There are many factors impeding your organisation’s ability to reduce car usage. Here are some common mistakes employers make when rolling out new employee transportation options.
1. Irregular Communication
When transitioning to more sustainable transportation habits, you are changing entrenched behavioural patterns. This doesn’t happen overnight, change is gradual.
“A big mistake companies make is failing to give travel schemes a consistent focus”
To deliver change, ensure you place employee transportation benefits front and centre.
2. Failure To Engage Employees
Just because you know something, doesn’t mean anybody else does. Companies who are excellent at employee engagement often struggle with travel schemes.
“For best results, complement bigger awareness campaigns with personal touchpoints.”
In smaller companies, conduct an annual mobility review with each staff member. In bigger companies, ensure questions around employee mobility are included in annual reviews.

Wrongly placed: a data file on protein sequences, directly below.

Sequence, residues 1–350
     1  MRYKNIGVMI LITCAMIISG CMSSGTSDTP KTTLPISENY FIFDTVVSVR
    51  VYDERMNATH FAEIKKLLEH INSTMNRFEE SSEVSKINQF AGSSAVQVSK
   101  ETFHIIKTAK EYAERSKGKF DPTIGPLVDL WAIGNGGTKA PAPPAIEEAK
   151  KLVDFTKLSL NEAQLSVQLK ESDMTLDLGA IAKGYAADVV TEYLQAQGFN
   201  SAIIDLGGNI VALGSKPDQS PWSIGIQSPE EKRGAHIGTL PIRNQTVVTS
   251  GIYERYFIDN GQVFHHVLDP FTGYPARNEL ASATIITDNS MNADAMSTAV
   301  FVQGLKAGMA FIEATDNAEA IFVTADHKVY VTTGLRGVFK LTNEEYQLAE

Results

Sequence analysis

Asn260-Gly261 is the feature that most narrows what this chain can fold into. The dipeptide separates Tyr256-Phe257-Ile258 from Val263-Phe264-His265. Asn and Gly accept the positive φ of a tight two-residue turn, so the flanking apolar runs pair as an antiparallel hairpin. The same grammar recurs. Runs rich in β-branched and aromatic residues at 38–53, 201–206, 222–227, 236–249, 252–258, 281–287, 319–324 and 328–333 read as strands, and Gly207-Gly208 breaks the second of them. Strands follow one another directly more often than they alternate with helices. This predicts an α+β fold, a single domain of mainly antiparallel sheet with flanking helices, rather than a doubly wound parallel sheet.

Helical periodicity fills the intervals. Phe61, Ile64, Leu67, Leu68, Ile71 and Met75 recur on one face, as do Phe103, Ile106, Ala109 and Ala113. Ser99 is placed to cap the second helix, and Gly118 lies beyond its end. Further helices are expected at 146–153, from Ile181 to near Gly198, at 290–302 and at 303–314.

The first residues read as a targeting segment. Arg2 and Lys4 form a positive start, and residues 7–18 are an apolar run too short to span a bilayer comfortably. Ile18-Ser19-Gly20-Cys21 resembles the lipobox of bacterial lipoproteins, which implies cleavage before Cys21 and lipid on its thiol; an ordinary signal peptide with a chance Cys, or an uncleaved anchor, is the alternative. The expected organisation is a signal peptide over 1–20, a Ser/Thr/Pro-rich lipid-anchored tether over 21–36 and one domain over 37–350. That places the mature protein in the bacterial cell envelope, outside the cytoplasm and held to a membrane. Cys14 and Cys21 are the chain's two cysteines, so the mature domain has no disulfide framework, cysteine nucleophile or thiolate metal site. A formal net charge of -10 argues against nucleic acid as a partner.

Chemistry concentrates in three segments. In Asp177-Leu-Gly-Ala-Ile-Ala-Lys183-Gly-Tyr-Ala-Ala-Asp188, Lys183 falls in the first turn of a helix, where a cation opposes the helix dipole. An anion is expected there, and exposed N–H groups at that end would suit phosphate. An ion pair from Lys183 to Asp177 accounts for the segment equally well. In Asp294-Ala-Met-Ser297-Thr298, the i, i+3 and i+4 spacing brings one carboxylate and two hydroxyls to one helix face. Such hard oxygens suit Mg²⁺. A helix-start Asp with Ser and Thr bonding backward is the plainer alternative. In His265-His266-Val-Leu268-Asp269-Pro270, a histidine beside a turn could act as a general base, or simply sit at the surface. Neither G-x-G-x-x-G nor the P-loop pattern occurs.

3. Short-Term Thinking
It’s great to aim for the stars. Yet, mobility transformation is not a short-term game. Don’t get disheartened if you have a company with 500 people and only 5 new people have opted to start cycling. If you replicate these results year on year, you’ll find your organisation getting to a good place.
4. Indecision By Committee
Building a network of internal champions to build support for schemes is key.
“Avoid rule committee. Establish clear roles and responsibilities for these groups.”
The last place you want to be is needing cross-departmental buy-in every time you want to make a small change. If this happens, your committees will start spending your budget like it is their budget. This often results in people pulling in all directions.
5. Poor Employee Consultation
Changing mobility habits can be an emotive issue. People don’t like change. A key to success is bringing people on the journey with you. Make sure your staff is educated on the positive impact of the mobility scheme changes.
Communicate employee benefits and how practical the transition will be, while relating to their frustrations. The alternative is managing a constant backlash from employees worried about the unknown.